In the current study, it was found that the expression of occludin, claudin-1, ZO-1, and other TJ proteins decreased in DSS-induced UC model rats, and the intestinal mucosal barrier was damaged. In a study on the effect of patchouli extract on DSS-induced UC model rats, the expression of occludin, claudin-1, ZO-1, and other TJ proteins decreased in the model group . In the current study, we found that, after the intervention of DOFP, the protein expression of occludin, claudin-1, and ZO-1 in the colon of model rats was significantly increased, and the colonic mucosal barrier did not degrade. Some studies have shown that D. officinale polysaccharides can protect the intestinal mucosal barrier, reduce intestinal cell permeability, maintain intestinal balance, restore intestinal villus damage, and effectively improve intestinal barrier function by upregulating the expression of TJ proteins such as occludin, claudin-1, and ZO-1 and reducing apoptosis [14, 32]. The previous study of our group showed that DOFP significantly increased the expression of occludin, claudin-1, and ZO-1 mRNA, tightened the loose arrangement of intestinal villi, protected the intestinal barrier function, and reduced the liver damage caused by lipopolysaccharide (LPS) in convalescent nonalcoholic fatty liver model mice (induced by a high-sugar and high-fat diet) . DOFP repaired the damaged colonic mucosal barrier by upregulating the expression of occludin, claudin-1, and ZO-1TJ proteins.
DSS-induced UC model rats possess a disease pathology that is similar to that of human UC, including weight loss, diarrhea, hematochezia, intestinal mucosal injury, and other symptoms, in which the severity of hematochezia is one of the important indicators to evaluate the degree of mucosal barrier damage . In the current study, the results of hematoxylin-eosin (H&E) staining and periodic Acid-Schiff (PAS) staining showed that the colon of model rats sustained a mucosal injury, with inflammatory cell infiltration, an increase in goblet cells and mucus, the appearance of other histological lesions, and an increase in the DAI score. Some studies have shown that D. officinale polysaccharides can significantly reduce the DAI score of mice with UC induced by DSS and effectively ameliorate the hematochezia and weight loss [14, 33].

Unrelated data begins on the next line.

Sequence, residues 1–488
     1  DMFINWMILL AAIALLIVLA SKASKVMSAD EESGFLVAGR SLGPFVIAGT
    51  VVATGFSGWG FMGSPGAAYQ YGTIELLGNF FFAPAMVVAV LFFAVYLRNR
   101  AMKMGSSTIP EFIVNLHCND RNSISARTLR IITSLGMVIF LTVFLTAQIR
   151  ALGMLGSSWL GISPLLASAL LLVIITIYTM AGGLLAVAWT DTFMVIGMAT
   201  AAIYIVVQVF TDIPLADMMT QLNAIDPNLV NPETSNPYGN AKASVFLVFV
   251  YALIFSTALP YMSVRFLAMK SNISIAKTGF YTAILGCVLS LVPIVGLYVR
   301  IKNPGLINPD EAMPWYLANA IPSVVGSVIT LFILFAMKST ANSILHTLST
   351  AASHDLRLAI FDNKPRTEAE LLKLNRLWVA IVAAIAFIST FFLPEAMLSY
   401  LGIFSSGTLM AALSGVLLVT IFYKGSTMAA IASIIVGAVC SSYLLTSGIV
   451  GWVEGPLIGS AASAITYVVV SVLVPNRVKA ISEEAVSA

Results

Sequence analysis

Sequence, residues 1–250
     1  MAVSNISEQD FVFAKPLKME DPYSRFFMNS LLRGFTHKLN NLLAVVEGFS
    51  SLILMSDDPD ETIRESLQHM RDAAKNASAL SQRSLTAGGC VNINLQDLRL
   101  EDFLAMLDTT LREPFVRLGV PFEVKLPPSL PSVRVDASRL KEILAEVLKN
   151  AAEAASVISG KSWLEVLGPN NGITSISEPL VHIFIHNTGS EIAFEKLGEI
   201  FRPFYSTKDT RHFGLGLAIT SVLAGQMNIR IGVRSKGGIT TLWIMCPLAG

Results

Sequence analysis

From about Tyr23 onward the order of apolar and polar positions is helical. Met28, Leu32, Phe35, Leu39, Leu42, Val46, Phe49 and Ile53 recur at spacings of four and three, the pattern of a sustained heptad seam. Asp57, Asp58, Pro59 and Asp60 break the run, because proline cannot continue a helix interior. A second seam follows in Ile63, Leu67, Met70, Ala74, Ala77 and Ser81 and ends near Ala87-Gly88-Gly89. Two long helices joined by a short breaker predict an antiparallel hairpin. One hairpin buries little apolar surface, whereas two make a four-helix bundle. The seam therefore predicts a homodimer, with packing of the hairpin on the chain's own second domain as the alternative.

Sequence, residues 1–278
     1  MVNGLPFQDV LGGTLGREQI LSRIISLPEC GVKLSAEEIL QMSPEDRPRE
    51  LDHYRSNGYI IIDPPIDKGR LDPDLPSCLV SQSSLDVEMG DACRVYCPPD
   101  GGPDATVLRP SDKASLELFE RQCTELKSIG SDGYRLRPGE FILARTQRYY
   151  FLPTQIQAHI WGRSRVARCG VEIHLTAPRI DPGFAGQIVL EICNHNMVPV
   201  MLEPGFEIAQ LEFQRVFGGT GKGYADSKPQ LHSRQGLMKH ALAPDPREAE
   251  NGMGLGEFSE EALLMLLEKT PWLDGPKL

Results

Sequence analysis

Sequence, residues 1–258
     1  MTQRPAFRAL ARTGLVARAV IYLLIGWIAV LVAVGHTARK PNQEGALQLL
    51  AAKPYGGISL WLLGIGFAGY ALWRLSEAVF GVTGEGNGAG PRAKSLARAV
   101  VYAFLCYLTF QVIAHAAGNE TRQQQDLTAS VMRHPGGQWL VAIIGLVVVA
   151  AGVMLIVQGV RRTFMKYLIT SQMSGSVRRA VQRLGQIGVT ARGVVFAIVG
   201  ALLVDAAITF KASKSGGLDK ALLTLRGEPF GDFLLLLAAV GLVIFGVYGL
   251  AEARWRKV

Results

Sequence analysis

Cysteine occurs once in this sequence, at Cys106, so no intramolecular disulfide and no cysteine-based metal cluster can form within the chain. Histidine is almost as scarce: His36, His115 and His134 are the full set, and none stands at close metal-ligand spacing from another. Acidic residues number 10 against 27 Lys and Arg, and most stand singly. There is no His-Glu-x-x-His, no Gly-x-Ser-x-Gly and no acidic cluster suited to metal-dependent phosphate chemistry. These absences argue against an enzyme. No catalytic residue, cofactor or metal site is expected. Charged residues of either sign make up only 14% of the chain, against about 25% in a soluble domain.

Mucosal barrier damage and inflammation are important pathological changes in the course of UC. DSS mainly develops intestinal inflammation by increasing intestinal permeability and damaging the intestinal barrier. It mainly affects the tight junction proteins of epithelial cells such as ZO-1 and occludin to damage the intestinal barrier, thereby increasing TNF-α and IL-6 expression of inflammatory factors .
In this study, we found that DOFP significantly reduced the DAI score of model rats, reduced the occurrence of hematochezia, reduced the shortening of the colon, improved the disappearance of microvilli of colonic mucosal epithelial cells and expansion of the endoplasmic reticulum, normalized the appearance of the mitochondria, upregulated the expression of TJ protein, downregulated the expression of inflammatory factors, effectively alleviated the injury of the intestinal mucosa, and improved the quality of life of the rats.
In a word, our results show that DOFP can improve DSS-induced colitis in model rats. It increases the expression of TJ proteins such as occludin, claudin-l, and ZO-1 in colon, inhibits the release of inflammatory factors TNF-α, IL-6, and IL-1β, repairs intestinal mucosal injury, reduces intestinal cell permeability, and maintain intestinal balance, so as to achieve the purpose of treating UC. These results suggest that D. officinale may be developed as a potential drug for the treatment of UC. However, D. officinale has a variety of active constituents, such as polysaccharides, flavonoids, alkaloids, and essential oils, which may be the possible active principle of this plant. We can further study it in the future.
5.1. Statement of Human and Animal Rights
All of the experimental procedures involving animals were conducted in accordance with the Institutional Animal Care guidelines of Zhejiang University of Technology, China, and approved by the Animal Care and Use Committee of Zhejiang University of Technology, China.
The data to support the findings of this study are included within the article. Other data used to support the findings of this study are available from the corresponding author upon request.
All animal experiments were conducted with the approval of the Animal Care and Use Committee of Zhejiang University of Technology (ethical approval number: 20200603038).
Conflicts of Interest
The authors declare that they have no conflicts of interest.
Xiang Zheng, Tao-Xiu Xiong, and Ke Zhang contributed equally to this paper.
This study was supported by the National Key Research and Development Program (no. 2017YFC1702200), the National Science Foundation of China (nos. 81874352, 81873036, 81673638, and 81803760), the Project of Zhejiang Research Institute of China Engineering Science and Technology Development Strategy (no. 2019-ZJ-JS-05), the Key Research and Development Program of Zhejiang Province (2017C03052), and the General Project Foundation of the Zhejiang Provincial Department of Education (Y202043163).